Kiwi civil contractors and communities are calling on the Government to save jobs by bringing forward stalled transport projects such as the Cambridge to Piarere extension of the Waikato Expressway.
The weekend announcement by the Government to bring projects forward and lift spending on significant infrastructure projects in the short to medium term has been welcomed by Civil Contractors New Zealand.
The Government has signalled its intentions to take advantage of the all-time low cost of borrowing to bring forward a "significant" amount of spending on infrastructure projects.
But there is little detail about the size and scale of the spending package. The Government promised to unveil more information at the Half Yearly Economic and Fiscal Update, with Finance Minister Grant Robertson saying at Labour's annual conference last weekend the Government has a "once in a generation" fiscal opportunity.
National MP for Hamilton East David Bennett, who has strongly petitioned for the completion of the Waikato Expressway to Piarere, told Waikato News the contractors shouldn't hold their breath as he does not expect the extension to go ahead under the current Government.
"There is not much chance that the project will come forward, what the Government is talking about here is doing minor projects and bundling them into a package across the country and saying look at this great investment which really means nothing because they should already be doing that," Bennett said.
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However, Hamilton based Labour list MP Jamie Strange said the Government had been investing strongly in other sectors of infrastructure such as education and health, while also focusing on alternative forms of transport and safety improvements.
The Cambridge to Piarere extension of the expressway was put on hold by the current Government in favour of focusing on safety improvements on rural roads, such as State Highway 3 near Te Awamutu.
Civil Contractors New Zealand chief executive Peter Silcock said the investment in transport projects was vital in a move to save jobs and boost the economy.
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"We need to get on with the job of overcoming our infrastructure deficit, so this announcement is very welcome. It's also a necessary move to save jobs which are on the line as major transport projects wind down," Silcock said.
"Projects to be brought forward could include Melling Link in Wellington's Hutt Valley, Tauranga's Northern Link which is pretty much ready to go, along with Cambridge to Piarere and increased investment in safety improvements and State Highway maintenance."
He said the civil construction workforce was project-based, so the lack of short to medium term work had been a major concern for the industry as jobs like Transmission Gully, the Waikato Expressway, and Kaikoura and Christchurch motorway projects are completed over the next year.
Bennett said the Government had had a complete stuff up in infrastructure, particularly in the Waikato.
"We are getting delays on the Hamilton section of the expressway because the workforce knows there is no work for them at the end of the project," Bennett said.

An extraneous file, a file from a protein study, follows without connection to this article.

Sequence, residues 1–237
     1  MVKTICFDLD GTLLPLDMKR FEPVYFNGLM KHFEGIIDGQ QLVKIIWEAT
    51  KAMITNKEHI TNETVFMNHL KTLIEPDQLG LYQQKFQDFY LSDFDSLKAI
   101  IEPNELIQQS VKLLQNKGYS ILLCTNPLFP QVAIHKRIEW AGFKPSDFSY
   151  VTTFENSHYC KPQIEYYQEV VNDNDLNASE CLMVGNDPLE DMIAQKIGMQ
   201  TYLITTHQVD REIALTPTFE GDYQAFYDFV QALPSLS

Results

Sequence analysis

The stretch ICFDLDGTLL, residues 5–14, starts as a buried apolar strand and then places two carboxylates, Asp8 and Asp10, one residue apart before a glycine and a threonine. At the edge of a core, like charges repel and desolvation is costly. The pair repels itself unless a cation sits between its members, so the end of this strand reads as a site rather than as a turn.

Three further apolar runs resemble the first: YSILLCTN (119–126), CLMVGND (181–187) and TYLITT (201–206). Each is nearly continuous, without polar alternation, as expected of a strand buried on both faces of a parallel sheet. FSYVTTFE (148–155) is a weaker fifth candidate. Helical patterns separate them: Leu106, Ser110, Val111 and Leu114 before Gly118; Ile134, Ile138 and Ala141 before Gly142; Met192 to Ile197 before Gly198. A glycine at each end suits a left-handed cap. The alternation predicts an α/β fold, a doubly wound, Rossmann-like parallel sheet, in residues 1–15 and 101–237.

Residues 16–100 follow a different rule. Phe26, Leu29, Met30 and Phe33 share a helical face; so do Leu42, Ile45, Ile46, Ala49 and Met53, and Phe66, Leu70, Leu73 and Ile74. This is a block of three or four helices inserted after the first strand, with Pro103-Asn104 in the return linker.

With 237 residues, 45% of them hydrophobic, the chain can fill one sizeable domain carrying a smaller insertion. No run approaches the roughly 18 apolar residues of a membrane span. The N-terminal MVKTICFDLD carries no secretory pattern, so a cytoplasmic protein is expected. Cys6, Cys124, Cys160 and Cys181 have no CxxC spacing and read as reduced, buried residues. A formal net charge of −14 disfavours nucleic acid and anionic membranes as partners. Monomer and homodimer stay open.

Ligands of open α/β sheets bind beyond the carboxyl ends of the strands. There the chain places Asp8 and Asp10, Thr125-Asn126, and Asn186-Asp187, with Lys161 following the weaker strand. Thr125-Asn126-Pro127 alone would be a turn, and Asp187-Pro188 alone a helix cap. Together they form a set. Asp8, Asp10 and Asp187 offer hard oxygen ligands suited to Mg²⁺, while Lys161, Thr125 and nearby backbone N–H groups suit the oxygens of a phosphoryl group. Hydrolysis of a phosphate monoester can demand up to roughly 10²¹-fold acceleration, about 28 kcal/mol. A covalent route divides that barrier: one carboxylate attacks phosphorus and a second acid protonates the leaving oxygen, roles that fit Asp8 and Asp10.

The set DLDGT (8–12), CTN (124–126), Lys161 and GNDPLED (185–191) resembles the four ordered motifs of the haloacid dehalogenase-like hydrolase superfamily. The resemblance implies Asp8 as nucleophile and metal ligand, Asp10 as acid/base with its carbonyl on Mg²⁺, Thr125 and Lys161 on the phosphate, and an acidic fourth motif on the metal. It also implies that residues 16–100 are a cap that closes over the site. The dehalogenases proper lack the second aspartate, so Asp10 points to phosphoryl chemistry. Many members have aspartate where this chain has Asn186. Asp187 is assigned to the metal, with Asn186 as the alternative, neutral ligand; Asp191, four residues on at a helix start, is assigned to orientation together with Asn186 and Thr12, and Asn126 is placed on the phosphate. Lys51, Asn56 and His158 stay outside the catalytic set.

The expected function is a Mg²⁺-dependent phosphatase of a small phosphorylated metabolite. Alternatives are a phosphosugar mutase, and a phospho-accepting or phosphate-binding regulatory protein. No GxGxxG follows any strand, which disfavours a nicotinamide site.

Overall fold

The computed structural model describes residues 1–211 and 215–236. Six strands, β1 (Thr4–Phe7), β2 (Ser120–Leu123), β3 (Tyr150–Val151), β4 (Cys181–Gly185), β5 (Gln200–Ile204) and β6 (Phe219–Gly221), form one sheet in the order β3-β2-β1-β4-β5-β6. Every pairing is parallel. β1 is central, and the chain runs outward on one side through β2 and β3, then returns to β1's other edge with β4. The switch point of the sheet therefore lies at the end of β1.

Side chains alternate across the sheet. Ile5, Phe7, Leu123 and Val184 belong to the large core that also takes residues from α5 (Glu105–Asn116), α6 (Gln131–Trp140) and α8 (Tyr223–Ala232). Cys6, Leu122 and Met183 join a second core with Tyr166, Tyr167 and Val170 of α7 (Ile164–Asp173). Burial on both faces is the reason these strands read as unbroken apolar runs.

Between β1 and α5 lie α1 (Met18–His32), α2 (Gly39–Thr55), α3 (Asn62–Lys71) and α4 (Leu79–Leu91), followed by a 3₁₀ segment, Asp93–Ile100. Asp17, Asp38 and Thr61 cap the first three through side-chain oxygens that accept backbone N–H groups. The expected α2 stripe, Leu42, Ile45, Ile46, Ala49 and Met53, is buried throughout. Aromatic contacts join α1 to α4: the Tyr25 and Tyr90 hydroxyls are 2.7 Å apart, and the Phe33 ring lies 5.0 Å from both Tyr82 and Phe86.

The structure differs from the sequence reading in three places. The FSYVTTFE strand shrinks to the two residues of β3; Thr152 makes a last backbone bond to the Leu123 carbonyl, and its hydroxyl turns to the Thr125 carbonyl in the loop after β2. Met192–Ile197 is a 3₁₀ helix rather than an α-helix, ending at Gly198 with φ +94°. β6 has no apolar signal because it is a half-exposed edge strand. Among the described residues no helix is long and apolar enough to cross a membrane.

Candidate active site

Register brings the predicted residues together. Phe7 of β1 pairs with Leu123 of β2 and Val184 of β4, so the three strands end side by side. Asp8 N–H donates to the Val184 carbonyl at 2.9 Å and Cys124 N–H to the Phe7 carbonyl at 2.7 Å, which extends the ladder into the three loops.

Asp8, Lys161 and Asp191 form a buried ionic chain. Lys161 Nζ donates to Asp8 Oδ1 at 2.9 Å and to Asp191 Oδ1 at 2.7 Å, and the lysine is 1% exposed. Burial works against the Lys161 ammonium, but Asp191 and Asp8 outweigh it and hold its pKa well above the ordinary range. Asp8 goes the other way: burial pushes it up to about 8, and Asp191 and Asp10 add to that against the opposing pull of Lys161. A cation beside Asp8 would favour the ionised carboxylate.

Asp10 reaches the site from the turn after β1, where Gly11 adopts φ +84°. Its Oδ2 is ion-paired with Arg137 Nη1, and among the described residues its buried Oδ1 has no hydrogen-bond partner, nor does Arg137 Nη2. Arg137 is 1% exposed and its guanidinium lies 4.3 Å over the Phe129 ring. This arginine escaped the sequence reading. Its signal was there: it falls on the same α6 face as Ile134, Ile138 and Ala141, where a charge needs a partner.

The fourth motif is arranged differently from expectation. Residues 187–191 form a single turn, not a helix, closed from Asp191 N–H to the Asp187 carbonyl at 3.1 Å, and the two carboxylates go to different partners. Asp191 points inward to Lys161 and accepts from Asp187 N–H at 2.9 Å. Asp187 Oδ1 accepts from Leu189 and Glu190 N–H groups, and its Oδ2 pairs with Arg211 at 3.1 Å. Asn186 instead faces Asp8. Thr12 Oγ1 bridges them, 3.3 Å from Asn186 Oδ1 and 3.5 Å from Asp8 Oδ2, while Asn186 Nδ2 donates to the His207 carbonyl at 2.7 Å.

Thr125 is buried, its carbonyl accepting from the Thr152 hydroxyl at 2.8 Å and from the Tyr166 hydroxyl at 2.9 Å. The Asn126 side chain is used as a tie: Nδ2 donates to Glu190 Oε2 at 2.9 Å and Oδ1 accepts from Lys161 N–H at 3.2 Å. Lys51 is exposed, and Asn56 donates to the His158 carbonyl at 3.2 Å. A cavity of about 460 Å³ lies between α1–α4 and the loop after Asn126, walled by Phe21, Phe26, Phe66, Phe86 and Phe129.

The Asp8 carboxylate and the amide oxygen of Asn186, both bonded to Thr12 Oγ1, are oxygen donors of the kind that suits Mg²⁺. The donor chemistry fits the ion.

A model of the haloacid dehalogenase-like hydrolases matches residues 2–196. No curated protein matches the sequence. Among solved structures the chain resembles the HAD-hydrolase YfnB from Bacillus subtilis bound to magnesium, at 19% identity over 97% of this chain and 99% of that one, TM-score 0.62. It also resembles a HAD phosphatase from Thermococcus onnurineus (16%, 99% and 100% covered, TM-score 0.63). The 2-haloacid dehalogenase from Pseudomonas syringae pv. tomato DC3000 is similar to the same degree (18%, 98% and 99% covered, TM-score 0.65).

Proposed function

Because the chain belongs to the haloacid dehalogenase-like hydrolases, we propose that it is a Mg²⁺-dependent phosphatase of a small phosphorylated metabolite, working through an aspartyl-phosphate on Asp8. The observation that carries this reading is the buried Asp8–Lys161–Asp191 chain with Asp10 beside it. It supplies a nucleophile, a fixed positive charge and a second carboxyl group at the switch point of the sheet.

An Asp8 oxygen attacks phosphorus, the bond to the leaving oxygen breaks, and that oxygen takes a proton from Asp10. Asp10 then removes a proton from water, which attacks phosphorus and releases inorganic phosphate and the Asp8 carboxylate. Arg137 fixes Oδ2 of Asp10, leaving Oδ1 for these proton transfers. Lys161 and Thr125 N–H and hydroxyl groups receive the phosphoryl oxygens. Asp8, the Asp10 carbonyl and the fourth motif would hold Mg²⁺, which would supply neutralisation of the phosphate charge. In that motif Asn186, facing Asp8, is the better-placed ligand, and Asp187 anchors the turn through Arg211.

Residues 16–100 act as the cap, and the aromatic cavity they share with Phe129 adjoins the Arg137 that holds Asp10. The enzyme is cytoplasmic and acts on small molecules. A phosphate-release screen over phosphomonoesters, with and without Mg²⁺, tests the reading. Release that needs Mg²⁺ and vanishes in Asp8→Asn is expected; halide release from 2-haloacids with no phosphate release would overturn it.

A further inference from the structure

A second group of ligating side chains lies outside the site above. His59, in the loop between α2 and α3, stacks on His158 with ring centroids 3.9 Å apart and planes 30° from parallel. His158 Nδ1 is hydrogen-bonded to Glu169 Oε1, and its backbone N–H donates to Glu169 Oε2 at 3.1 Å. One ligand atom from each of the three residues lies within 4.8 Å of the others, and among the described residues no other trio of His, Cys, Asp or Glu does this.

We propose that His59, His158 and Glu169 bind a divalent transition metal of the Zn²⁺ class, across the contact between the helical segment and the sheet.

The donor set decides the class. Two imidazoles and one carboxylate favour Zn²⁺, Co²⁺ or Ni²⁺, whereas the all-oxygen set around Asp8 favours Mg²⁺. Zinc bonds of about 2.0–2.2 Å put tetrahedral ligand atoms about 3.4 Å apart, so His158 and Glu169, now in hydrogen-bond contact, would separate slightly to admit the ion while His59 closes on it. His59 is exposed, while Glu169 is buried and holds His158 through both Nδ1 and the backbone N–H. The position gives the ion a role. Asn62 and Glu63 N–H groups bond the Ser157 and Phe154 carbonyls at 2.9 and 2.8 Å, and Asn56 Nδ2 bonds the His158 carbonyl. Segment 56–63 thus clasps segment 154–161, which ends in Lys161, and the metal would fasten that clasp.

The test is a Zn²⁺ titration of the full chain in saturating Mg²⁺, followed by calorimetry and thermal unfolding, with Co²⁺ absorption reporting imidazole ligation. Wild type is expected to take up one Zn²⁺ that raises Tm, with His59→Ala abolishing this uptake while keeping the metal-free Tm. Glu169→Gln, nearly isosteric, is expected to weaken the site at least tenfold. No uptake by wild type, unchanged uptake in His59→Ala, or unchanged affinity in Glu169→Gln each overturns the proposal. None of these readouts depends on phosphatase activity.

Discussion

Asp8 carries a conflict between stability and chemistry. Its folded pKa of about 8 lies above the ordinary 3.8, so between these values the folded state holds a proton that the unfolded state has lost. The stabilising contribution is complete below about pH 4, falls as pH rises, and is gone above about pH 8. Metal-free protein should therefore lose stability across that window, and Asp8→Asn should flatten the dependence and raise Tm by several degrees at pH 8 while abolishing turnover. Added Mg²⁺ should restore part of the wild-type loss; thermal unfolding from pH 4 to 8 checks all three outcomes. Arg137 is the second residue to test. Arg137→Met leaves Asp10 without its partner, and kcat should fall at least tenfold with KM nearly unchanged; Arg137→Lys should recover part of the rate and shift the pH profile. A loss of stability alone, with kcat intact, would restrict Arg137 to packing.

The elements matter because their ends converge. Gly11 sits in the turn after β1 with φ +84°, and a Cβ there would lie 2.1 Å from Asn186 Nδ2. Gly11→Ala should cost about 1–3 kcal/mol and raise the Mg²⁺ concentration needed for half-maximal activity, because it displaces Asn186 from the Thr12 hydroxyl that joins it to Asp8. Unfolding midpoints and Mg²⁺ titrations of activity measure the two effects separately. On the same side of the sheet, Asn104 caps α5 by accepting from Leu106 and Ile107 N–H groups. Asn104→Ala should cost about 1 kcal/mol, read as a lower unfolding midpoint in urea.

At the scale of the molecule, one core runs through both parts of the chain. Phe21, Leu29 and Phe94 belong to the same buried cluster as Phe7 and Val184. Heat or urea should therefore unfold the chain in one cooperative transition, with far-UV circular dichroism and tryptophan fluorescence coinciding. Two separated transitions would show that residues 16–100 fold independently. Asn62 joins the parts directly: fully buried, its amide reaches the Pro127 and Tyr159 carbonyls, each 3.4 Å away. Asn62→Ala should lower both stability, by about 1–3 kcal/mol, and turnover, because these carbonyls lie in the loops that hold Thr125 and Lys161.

"The Government stalled it all in the hopes of doing one big tram in Auckland which they can't get off the ground and it has been an absolute disaster.
"The civil contractors were right to bring this up, but there is little hope for the extension to be announced."
Bennett said a roundabout was being considered by NZTA as part of safety improvements for the State Highway 29 and State Highway 1 intersection, but that it would cause more problems if a four lane highway was developed in the area.
"Our new road which we proposed would have had a new high speed interchange just up the road from the current intersection, but NZTA has now decided to go ahead with the third option of a roundabout.
"That is not a smart move because you can't incorporate that into the new road if it's built, all it would do is slow traffic down further," Bennett said.
He said the only smart option would be to build the four-lane highway with the interchange part of the project.
Strange said that despite the opposition saying there had been a lack of investment in roading, there was money being spent on improving the safety of travel, along with targeting different sectors such as tourism and education.
"We're taking a diverse view of transport, the Hamilton to Auckland commuter rail and metro rail systems are a big part of our investments, and we want roading to work together with rail rather than the National Party's view of just focusing on roads," he said.
Strange said the Government had been investing in the Waikato including PGF funding for the Waikato Regional Theatre, and funding for Te Aroha to create a tourism hub.
"Under the previous Government we did not see infrastructure investment in education and health, so we are fixing that by investing in those core infrastructure."
In Hamilton alone, 44 schools will receive $13 million in funding from the Government.
Speed signs off
Motorists are being urged to take extra care at the SH1/SH29 intersection with the intersection speed zone signs out of operation for two weeks following road resurfacing in the area, NZTA has said.
Intersection Speed Zones are electronic signs that detect when someone is turning into or out of a side road and temporarily reduce the legal speed limit on the state highway (usually from 100km/h to 60km/h or 70km/h). They also do this when someone is crossing the state highway from a side road.
The signs, which were installed earlier this year, are expected to be reinstated on or before December 10.
The components within the road surface that trigger the electronic signage needed to be removed during the resurfacing.